After months of criticism and allegations of misconduct surrounding its handling of a water and sewer department paving contract, Church & Tower is facing a new controversy regarding their proposal to supervise construction of Dade County's performing arts center. Alberto Ribas, president of the engineering consulting firm A2 Group, Inc., claims that his signature was forged on a document submitted more than a year ago by Church & Tower to win the $3.4 million construction management contract.
In an October 31 letter to County Manager Armando Vidal, Ribas states that he never signed a required form, known as a letter of intent, to act as a minority subcontractor on the project. "As president of A2 Group, Inc. (f/k/a/ Brizuela & Ribas Consulting, Inc.), I wish to formally advise you that the signature on the form 'Letter of Intent, Black, Hispanic and Women Business Enterprise, Participation,' in the proposal submitted by Church & Tower, Inc. is not genuine," Ribas noted. "Simply stated, the signature is not mine." He further wrote that "on the date stated on the form in question [August 9, 1996], I was out of the country on vacation with my family."
In an interview last week, Ribas said that although he never signed the form, he did work with Church & Tower in putting together a proposal and does expect to fulfill his role as a minority subcontractor. "My only contention is that that is not my signature," he explained. "I've got the responsibility to bring to the county's attention that that document was not signed by me. Other than that, I look forward to doing the work."
Ribas said he has no idea who would have forged his signature on the proposal. And he refused to speculate on a possible motive. He claimed that no one was authorized to sign on his behalf, and he is confident no one in his company signed his name for him. He refused to say if he has discussed this issue with officials from Church & Tower. "I'm not going to comment on that," he said. He also refused to say how he recently became aware of the problem. "I don't think that's relevant," Ribas said. "I've done my job by informing the county. What they do and how they handle it is up to them."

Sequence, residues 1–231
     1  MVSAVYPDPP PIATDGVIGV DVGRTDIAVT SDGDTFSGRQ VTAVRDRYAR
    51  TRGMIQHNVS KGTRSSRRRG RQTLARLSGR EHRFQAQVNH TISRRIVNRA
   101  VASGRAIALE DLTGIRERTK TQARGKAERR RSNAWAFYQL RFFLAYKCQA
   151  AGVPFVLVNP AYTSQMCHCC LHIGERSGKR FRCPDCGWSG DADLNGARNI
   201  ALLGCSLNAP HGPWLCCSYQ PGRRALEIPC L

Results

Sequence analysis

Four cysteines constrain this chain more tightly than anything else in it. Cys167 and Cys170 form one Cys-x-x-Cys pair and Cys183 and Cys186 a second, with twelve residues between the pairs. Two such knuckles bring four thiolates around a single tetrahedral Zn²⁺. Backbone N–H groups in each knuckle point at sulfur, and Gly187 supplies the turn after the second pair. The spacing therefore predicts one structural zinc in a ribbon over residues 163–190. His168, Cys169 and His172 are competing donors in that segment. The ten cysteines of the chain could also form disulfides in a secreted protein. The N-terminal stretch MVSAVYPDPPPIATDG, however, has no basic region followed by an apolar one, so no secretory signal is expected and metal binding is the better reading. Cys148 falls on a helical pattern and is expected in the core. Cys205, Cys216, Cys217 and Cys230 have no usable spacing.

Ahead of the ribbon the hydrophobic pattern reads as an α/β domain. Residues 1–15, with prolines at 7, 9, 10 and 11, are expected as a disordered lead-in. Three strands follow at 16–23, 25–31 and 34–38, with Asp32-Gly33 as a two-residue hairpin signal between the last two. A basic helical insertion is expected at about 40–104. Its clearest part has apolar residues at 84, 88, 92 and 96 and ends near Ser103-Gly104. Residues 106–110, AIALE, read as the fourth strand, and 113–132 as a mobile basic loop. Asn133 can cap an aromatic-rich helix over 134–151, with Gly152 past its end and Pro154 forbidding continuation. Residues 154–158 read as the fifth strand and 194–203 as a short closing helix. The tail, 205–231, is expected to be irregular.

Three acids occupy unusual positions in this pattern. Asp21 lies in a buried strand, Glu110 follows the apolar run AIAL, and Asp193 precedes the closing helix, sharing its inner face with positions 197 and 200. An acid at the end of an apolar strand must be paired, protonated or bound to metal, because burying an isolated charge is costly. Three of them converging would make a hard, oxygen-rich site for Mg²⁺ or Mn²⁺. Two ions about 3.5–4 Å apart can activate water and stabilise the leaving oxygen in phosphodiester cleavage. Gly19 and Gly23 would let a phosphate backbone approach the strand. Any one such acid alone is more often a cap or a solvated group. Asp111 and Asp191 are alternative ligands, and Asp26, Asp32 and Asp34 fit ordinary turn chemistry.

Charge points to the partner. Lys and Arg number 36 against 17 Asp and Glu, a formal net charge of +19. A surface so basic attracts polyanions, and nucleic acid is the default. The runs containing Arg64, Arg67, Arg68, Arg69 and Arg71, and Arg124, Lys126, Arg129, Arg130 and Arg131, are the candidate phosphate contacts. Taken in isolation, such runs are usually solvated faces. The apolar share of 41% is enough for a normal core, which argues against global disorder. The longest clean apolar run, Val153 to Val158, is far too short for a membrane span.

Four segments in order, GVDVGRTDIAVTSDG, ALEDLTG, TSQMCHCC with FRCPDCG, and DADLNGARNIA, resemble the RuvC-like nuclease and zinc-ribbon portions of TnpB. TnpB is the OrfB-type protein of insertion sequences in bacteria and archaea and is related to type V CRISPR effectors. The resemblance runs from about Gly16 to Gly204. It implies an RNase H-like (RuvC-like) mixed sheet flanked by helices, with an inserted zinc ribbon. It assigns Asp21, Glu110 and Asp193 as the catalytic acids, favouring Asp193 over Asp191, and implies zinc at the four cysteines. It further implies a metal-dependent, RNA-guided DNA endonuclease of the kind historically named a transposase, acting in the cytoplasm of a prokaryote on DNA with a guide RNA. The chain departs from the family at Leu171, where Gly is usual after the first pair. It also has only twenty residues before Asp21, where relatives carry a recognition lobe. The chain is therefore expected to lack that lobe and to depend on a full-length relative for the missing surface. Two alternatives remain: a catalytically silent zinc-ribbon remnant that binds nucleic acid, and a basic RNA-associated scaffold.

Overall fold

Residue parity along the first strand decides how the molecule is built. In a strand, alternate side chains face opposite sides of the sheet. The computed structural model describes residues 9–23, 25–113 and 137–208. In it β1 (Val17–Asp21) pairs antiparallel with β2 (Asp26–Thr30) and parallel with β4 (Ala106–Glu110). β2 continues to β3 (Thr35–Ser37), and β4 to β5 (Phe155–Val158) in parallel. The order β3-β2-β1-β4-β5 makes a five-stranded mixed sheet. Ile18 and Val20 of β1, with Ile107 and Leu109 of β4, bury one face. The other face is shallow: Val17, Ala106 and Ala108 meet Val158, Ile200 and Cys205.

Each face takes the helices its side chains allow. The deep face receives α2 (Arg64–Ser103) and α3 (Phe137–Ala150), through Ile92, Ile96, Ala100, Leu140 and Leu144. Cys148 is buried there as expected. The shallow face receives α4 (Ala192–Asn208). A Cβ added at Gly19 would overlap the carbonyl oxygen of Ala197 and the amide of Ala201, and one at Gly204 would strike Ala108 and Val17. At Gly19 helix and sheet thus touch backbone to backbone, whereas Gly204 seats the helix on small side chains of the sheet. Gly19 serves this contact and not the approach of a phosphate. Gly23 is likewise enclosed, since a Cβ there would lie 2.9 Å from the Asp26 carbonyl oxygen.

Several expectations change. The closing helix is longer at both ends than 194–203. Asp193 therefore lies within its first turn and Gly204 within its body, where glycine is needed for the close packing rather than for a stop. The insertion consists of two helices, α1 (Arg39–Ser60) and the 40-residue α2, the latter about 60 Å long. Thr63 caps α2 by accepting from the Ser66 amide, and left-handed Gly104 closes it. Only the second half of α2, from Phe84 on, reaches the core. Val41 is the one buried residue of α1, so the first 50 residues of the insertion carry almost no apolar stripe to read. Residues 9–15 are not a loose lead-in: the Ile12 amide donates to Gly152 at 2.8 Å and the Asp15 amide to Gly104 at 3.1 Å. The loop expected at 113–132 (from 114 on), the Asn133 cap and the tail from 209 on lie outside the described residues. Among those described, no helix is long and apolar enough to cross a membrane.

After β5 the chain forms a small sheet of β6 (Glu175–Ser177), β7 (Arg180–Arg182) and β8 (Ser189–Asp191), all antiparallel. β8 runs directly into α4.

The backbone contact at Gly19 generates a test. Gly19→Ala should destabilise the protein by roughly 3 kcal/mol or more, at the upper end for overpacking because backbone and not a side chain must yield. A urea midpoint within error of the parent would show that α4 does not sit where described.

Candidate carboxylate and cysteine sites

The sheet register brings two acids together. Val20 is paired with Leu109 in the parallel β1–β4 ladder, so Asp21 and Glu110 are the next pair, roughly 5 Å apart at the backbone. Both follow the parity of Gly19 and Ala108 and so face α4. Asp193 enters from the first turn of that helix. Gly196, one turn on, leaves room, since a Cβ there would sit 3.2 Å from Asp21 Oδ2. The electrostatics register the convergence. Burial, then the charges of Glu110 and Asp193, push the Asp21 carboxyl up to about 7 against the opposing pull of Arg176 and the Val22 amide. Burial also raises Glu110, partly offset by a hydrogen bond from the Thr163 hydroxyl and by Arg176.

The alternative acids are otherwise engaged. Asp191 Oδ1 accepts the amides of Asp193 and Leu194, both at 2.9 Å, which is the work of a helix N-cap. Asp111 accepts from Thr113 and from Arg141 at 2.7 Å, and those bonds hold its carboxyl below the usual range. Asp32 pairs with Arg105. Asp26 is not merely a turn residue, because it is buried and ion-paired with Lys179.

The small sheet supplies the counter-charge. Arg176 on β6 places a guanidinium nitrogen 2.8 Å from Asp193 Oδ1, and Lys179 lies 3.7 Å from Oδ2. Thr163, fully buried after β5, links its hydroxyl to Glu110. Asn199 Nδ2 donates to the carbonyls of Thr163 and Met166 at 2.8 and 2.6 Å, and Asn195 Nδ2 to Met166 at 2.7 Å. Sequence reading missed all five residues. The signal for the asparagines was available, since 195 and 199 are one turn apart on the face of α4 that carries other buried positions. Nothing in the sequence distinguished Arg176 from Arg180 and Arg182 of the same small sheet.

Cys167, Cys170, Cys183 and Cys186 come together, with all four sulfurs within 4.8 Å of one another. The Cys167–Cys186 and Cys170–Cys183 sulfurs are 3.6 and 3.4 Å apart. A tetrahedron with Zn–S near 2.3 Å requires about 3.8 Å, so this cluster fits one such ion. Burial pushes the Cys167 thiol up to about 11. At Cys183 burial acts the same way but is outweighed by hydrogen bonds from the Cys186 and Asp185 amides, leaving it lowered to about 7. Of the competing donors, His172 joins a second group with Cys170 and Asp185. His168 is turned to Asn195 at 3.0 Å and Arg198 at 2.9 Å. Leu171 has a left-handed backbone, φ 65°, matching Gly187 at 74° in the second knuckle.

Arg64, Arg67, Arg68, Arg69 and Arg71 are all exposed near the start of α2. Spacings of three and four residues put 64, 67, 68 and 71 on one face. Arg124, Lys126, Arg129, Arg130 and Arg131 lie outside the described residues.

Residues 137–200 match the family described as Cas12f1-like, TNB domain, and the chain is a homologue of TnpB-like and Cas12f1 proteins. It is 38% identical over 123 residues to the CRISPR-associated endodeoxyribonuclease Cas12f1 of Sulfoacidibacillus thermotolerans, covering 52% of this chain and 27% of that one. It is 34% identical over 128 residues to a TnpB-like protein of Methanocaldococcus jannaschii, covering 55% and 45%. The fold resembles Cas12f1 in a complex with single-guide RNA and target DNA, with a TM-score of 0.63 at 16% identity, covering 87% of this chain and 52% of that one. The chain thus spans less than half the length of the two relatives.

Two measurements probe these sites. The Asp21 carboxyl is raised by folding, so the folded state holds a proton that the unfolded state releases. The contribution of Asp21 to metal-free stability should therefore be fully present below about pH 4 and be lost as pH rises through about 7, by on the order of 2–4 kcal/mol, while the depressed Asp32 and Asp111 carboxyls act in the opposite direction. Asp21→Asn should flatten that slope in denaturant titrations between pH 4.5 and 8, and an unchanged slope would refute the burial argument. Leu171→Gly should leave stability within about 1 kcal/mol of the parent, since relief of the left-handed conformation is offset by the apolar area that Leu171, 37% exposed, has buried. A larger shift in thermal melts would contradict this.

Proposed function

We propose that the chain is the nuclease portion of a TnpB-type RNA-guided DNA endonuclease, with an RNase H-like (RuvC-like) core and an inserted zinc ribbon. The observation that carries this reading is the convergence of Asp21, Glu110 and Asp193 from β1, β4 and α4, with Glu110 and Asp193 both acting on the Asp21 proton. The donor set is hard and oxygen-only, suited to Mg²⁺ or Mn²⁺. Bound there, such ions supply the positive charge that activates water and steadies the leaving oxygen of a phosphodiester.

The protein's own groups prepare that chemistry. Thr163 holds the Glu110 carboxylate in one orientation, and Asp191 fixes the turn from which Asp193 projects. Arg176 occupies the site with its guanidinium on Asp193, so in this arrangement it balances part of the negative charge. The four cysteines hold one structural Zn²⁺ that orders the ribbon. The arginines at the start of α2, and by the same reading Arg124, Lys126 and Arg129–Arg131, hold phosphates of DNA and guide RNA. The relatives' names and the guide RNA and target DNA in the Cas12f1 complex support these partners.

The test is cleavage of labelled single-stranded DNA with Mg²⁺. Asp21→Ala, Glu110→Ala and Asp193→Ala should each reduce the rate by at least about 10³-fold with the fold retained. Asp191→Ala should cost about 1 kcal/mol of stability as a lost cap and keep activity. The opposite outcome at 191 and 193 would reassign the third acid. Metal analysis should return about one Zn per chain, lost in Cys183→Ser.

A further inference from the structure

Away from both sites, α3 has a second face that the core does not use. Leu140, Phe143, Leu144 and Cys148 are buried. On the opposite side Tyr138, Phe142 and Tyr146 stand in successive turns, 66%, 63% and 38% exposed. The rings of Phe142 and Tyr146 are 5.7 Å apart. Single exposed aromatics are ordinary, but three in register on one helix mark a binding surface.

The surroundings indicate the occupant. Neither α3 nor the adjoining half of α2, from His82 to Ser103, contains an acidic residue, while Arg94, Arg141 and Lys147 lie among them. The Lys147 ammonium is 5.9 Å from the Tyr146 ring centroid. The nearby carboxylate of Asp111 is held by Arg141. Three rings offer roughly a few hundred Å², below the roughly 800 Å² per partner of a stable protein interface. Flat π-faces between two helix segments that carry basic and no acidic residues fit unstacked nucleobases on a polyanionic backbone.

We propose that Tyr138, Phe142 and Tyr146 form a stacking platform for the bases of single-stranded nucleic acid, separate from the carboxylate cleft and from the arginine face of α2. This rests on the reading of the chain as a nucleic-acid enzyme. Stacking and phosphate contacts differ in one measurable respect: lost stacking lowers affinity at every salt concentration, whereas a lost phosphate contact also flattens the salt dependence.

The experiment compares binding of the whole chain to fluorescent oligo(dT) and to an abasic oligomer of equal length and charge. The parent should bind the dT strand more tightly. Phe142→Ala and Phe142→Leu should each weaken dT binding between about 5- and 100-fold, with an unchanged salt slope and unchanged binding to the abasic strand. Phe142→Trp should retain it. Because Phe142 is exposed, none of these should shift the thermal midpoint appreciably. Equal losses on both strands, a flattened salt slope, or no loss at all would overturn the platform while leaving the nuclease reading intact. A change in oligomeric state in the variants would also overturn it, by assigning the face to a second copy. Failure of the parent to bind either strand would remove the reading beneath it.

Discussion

County staffers were stunned by Ribas's letter and aren't quite sure how to proceed. "We've never had a situation like this before," says Marcia Jackman, director of the county's Department of Business Development, which was responsible for overseeing the selection process.
"This is a first," echoes Bill Johnson, who is supervising the performing arts center project for the county. "It is very strange."
Hank Adorno, attorney for Church & Tower, declined to comment.
Working closely with the County Attorney's Office, Jackman plans to call in Ribas and representatives from Church & Tower for separate interviews this week. "Basically, right now I am on a fact-finding mission," says Jackman. "I'm going to try to determine what is going on. I'd like to bring it to closure as soon as possible. But I also want to be as thorough as possible." She stresses that the allegations by Ribas are extremely serious and could result in the Church & Tower contract being cancelled.
Regardless of the outcome, Ribas's claim marks an inauspicious beginning for Church & Tower, whose role in the $195 million performing arts center project is supposed to be that of watchdog. As construction manager, Church & Tower is the county's eyes and ears at the construction site and is responsible for making sure the work is completed according to specifications.